The conversation kick-started with Swati Ganeshan sharing insights on the government’s effort to promote smart, sustainable and inclusive growth in maritime economic activities to generate employment opportunities. She stated that the presence of a healthy ocean will have a domino effect on the existing livelihood opportunities dependent on it.
The report published by the European Union in 2021, has comprehensively analysed the scope and size of the Blue Economy and described the marine based and the marine related activities that comes under its ambit. The people dependent on the Blue Economy in India can broadly be classified into two sectors - one the informal or the unclassified labourers and the other who form the part of the formally structured domains like the Ocean Sciences, Aquaculture and other such technology-centric departments.
Swati brought out that most of the Indian blue sector continues to be informal and is focussed more on traditional/artisanal fisheries. With the absence of robust systems and data, the communities thriving on this are usually at a disadvantage. The emphasis laid in the Blue Economy report on collating disaggregated data would help in creating a better set of indicators to formulate inclusive policies, schemes and other initiatives that are much more directed at creating capacity and building human resources.
For example, the plight of the informal labourers who work in a highly dangerous and unsafe environment Ship-breaking sector. Such sectors could be improved in terms of safety, security and sustainability. India now has ratified the Hong Kong International Convention, the treaty that will set global standards for safe and environmentally sound ship recycling. In marine related activities, the coastal tourism division has also been highly affected in recent time, especially post-pandemic and a thorough study is needed to understand the gaps prior to proposing a plan of action.
As highlighted in the Blue Economy report, there is a need to look into the carrying capacity issues of many states and towns that support coastal tourism for bringing more sustainable changes in their system and thus open more avenues for livelihoods. This claim has also been supported by the High Panel for A Sustainable Ocean Economy in their report which states that over time, sustainable ocean management could help the ocean produce as much as 6 times more food and generate 40 times more renewable energy than it currently does.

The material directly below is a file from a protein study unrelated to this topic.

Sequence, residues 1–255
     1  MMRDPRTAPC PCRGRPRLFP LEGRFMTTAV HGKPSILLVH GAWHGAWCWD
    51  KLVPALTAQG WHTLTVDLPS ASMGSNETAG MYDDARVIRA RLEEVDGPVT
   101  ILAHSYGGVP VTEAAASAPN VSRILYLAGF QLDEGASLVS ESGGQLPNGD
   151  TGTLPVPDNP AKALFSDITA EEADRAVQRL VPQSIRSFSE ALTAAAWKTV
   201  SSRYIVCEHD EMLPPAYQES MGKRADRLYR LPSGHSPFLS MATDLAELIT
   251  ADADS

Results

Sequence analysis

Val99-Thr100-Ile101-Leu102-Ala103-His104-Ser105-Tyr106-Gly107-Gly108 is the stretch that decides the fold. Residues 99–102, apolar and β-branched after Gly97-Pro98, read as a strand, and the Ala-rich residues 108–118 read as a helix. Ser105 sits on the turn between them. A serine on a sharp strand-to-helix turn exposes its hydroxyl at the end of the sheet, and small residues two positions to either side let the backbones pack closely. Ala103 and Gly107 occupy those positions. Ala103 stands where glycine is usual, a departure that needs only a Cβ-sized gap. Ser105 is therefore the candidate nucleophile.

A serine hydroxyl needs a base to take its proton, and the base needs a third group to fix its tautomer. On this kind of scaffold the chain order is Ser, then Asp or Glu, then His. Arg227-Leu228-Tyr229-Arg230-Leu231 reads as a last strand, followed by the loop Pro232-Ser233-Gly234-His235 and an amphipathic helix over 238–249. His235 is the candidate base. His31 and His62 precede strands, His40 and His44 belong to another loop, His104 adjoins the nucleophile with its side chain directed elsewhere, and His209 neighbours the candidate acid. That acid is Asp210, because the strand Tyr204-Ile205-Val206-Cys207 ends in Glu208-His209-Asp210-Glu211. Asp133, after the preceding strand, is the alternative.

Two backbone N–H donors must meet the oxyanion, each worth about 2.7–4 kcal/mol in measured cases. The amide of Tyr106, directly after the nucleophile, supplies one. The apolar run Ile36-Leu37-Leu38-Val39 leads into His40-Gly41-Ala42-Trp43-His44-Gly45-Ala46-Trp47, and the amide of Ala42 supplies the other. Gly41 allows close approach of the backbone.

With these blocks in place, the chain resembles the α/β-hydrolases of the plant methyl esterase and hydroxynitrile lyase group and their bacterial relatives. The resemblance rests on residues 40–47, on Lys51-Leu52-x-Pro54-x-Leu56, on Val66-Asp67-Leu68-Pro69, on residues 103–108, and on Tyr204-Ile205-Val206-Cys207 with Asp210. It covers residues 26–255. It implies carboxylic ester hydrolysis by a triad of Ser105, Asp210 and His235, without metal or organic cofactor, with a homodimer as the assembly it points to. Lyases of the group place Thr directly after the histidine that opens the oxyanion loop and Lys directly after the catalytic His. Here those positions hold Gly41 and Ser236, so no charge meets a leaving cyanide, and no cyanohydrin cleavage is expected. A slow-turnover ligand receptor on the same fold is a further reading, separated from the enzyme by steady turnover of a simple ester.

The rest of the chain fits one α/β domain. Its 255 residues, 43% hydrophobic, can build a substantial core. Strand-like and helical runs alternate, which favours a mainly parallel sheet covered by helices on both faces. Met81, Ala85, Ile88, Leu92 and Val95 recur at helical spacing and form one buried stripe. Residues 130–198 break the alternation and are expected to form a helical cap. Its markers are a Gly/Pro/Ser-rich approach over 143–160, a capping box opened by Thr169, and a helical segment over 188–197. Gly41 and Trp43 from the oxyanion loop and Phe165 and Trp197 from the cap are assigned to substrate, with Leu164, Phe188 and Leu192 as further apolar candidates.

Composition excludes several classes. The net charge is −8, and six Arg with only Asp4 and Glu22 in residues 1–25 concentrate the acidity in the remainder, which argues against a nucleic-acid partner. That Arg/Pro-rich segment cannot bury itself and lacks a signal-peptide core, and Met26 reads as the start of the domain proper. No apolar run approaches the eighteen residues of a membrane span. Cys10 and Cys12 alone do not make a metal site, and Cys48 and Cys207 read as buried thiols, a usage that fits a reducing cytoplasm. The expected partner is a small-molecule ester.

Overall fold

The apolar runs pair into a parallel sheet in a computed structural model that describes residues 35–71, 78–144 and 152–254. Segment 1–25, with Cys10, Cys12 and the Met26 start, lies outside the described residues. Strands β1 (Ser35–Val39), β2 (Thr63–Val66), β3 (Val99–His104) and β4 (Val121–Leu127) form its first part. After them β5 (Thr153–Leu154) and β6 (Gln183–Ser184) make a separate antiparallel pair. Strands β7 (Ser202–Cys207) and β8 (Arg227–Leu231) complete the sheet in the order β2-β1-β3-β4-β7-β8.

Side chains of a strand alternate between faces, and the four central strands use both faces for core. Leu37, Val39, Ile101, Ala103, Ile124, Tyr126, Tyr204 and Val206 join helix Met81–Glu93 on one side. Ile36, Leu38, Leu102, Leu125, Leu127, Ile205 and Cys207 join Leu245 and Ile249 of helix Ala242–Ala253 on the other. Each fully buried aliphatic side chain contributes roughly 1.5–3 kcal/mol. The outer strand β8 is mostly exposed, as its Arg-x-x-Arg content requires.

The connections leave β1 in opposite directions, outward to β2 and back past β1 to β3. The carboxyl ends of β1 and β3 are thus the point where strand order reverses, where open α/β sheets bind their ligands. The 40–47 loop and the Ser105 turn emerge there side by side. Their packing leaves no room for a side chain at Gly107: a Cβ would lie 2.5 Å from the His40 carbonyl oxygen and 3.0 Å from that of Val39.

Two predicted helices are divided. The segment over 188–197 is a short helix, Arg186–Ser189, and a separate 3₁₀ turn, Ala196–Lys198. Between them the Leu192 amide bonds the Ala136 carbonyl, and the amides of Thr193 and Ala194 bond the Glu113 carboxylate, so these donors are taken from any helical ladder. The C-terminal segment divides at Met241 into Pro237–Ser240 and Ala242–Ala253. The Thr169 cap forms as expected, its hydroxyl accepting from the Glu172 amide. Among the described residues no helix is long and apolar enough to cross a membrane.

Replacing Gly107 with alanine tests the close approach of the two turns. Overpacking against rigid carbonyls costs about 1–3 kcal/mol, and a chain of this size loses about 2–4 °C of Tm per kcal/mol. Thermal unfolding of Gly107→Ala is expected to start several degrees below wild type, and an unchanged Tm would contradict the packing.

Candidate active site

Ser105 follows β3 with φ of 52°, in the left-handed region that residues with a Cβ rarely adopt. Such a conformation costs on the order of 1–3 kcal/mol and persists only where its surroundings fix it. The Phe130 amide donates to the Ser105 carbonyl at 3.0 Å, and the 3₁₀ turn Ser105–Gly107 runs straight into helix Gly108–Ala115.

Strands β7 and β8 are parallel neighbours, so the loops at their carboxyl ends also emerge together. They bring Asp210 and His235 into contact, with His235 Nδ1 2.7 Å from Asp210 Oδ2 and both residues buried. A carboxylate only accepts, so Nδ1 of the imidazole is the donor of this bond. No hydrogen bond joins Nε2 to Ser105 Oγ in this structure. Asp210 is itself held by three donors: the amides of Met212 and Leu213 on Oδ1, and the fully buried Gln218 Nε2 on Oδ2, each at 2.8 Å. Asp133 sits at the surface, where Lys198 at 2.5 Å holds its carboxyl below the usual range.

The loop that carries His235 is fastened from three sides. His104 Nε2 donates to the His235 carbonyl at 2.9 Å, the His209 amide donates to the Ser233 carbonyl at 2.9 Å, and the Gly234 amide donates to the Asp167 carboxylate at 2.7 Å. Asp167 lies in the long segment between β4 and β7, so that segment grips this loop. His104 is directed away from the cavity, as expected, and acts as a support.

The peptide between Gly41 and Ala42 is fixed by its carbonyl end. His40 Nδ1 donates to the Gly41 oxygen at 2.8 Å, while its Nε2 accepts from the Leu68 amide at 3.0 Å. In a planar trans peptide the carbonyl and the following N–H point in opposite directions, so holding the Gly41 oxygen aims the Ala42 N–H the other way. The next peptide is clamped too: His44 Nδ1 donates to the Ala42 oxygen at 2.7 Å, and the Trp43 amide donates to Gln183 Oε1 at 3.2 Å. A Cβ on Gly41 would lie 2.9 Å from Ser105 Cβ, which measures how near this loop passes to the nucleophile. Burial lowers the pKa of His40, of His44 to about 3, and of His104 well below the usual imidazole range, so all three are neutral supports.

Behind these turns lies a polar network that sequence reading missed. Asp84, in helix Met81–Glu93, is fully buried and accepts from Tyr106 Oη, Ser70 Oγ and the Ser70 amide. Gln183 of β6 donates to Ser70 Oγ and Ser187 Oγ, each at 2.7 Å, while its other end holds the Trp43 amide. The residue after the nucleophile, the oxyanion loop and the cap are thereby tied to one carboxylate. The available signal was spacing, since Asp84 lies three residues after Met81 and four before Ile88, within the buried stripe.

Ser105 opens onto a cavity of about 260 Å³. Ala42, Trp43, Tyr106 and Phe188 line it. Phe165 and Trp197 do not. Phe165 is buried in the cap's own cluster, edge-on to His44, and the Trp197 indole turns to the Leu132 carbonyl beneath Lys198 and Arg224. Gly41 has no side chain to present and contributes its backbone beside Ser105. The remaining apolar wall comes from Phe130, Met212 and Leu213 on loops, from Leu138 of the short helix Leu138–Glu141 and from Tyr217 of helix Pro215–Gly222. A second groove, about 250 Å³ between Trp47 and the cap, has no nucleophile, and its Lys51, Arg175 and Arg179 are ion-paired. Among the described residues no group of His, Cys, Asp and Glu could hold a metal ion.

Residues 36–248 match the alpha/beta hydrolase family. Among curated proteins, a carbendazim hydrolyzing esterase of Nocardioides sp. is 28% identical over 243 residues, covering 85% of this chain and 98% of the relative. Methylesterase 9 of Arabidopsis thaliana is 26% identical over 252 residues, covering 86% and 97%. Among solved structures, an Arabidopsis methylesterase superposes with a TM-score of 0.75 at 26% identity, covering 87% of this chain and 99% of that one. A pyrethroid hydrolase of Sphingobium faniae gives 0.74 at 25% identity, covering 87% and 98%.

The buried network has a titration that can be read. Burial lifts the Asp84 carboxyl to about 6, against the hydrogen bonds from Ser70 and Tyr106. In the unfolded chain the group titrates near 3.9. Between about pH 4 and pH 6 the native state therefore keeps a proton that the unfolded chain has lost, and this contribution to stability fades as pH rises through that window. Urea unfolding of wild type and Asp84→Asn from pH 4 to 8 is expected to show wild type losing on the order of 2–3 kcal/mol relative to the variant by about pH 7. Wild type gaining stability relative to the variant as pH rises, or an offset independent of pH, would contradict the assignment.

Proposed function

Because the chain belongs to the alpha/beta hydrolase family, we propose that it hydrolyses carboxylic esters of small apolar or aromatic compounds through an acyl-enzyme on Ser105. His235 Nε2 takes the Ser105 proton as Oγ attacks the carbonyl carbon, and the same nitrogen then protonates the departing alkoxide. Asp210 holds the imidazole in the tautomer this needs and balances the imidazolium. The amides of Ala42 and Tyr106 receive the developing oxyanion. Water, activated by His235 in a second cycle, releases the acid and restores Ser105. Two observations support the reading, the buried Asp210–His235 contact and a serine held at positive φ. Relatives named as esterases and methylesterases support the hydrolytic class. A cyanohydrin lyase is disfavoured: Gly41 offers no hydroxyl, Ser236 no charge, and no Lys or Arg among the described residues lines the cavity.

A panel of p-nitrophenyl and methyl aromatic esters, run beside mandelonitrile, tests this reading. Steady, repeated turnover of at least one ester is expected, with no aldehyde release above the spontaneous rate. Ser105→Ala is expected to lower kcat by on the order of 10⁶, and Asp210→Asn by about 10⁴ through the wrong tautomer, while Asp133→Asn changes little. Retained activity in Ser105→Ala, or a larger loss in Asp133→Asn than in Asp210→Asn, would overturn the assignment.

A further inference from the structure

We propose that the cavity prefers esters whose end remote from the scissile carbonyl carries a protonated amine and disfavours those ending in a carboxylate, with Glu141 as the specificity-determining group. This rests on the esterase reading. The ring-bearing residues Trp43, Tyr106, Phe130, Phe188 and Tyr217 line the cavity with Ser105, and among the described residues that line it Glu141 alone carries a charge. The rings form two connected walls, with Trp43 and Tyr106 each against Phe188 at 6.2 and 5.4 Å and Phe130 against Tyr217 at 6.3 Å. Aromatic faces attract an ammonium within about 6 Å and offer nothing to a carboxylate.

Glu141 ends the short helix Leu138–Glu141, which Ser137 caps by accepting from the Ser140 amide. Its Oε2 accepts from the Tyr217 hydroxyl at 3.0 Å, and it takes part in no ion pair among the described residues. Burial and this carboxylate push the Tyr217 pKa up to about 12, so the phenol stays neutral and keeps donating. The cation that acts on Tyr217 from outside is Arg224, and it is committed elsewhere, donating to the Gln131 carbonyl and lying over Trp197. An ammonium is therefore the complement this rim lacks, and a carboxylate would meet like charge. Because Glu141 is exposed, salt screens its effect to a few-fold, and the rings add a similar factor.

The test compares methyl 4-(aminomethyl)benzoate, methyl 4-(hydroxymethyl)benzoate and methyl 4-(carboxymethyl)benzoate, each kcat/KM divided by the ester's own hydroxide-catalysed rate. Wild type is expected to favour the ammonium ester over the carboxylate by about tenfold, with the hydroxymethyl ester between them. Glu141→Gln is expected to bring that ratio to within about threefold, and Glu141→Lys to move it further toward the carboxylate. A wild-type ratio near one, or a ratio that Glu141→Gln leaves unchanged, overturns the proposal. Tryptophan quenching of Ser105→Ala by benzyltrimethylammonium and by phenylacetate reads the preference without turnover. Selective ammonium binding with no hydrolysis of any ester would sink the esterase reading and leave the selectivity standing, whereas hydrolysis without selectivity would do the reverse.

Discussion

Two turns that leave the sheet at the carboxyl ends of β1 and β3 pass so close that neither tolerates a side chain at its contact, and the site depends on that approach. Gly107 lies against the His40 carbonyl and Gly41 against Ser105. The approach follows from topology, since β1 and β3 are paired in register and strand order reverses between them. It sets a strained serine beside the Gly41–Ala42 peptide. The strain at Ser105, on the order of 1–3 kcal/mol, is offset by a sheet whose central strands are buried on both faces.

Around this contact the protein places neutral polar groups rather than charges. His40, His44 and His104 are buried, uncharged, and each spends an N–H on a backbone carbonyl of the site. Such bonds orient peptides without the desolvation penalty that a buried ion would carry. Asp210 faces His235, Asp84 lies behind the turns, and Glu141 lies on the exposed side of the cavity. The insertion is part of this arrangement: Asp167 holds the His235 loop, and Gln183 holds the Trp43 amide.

It can also contribute one-fifth of the reductions in greenhouse gas emissions needed to keep the world within the 1.5°C temperature rise limit set by the Paris Agreement goals by 2050. It shall help lift millions of people out of poverty, improve equity and gender balance, increase economic and environmental resilience, build the industries of the future and provide low-carbon fuel and feed for activities on land.
These inputs, if adopted by India, could have a huge impact on the growing sector of deep-sea mining and marine technology. If adequate amendments are incorporated in the policies, India has the potential to not only generate and sustain traditional jobs but also create sustainable economic opportunities.
The conversation on engaging communities and bridging the gap between the scientific knowledge experts and the local populace by involving them in the decision making and implementation process was further taken by Elsie Gabriel.
Elsie discussed the various youth-centric activities that are organised through the Young Environmentalists Programme and shared her pedagogical approach especially for integration of experiential learning into academic learning.